Outside of Let’s Go, the Poké Ball Plus can be used in two other ways. The simple one is using it like you would a Pokémon Go Plus in Pokémon Go. It’s easy to connect, though I noticed specifically on my Pixel 2 that it would disconnect every time I used my phone to take a picture. That’s probably more a “my phone” issue than a “Poké Ball” issue, though. Additionally, you can bring a Pokémon from Let’s Go with you for a stroll where they collect candy and experience (though you can’t do this and connect to Go at the same time). This is adorable because you can also play with the Pokémon in this mode by shaking the ball and nudging the analog stick. It’s notable that the depths of using the Poké Ball outside of Let’s Go are ill-explained. Most of my knowledge about the ball came from Googling it and finding comments online and Nintendo’s support page. The game explains virtually nothing other than the fact you can take a Pokémon for a walk with you. When used outside of Let’s Go, it can be muted, which is a good thing because when a Pokémon is on a stroll with you, the Pokémon will randomly “call out” to you, which can be harrowing if you’re, say, in a quiet environment and your Magikarp starts whining and then you have to explain why a bizarre blinking Christmas ornament is in your pocket and you’re shaking it. (Side note: the Poké Ball Plus would probably make a decent Christmas ornament)

In general, the Poké Ball Plus has trouble communicating information to you. My ball couldn’t connect at one point and I had no idea why. I thought it was broken. Actually, the battery was low. Thankfully, when you plug it in, it makes the noise of a Pokémon Center to assure you it is charging. If you happen to have it connected when on the Home menu, you can use it there too, but it’s not very functional since you can’t access the Home menu with just this controller. You have to use Joy-Con. You can’t even use a Pro Controller for this option since the game doesn’t recognize Pro Controllers.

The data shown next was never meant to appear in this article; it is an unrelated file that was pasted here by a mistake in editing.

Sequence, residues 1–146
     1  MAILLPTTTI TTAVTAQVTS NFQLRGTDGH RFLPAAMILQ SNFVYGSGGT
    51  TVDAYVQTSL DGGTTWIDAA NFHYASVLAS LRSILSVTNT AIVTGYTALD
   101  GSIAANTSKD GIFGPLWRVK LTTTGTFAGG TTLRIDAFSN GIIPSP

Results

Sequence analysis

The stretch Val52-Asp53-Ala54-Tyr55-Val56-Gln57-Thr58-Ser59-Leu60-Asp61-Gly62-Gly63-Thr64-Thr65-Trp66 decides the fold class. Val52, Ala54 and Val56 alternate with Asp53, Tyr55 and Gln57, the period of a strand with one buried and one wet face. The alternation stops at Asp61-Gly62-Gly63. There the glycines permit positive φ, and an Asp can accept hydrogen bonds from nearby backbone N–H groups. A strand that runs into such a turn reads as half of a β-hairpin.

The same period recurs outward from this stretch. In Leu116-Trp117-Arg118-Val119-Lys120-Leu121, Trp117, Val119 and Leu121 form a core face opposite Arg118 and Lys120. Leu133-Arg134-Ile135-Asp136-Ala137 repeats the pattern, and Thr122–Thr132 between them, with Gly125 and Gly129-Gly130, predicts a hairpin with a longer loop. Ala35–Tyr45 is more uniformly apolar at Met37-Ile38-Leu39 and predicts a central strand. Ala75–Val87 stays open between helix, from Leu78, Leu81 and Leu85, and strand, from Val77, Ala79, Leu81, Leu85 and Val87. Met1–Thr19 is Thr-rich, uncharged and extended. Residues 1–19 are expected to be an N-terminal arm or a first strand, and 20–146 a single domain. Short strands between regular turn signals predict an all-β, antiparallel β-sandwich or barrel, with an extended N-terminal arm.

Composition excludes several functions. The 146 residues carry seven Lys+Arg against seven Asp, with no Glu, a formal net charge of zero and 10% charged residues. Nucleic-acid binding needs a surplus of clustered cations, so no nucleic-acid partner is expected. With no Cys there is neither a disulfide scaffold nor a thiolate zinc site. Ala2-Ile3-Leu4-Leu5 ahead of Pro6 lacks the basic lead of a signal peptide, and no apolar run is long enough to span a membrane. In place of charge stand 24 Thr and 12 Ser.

The Poké Ball Plus is adorable and when it worked in game, it brought me lots of joy. It also made it easy to play one-handed, which can totally be taken in the absolute wrong way, but I’ll have you sick people know I played a ton of this game while holding my 5-month-old son. He cooed at the noises and was generally chill about the experience of being an accessory to the Poké Ball Plus. Thankfully he can sleep through the noises the Poké Ball Plus makes and also I was able to do the throwing motion without waking the baby.

This is a flawed, limited controller, but as long as you accept its restrictions and play within its constraints, it’s great for Pokémon Let’s Go. Unfortunately, who knows if you will be able to ever use this in a video game again. I’d hope a $50 accessory can be used in future Pokémon games, but my Pokéwalker is glaring at me telling me not to get my hopes up. My feelings on the Poké Ball Plus are decidedly confused. I love playing with it but it’s also frustrating to use. I recommend it only if you can find immense joy in shaking a thing and hearing it make the noise of a Bulbasaur.


UncleBobRichard Cook, Guest ContributorNovember 27, 2018

For those only interested in Pokémon Go, I still recommend the Gotcha.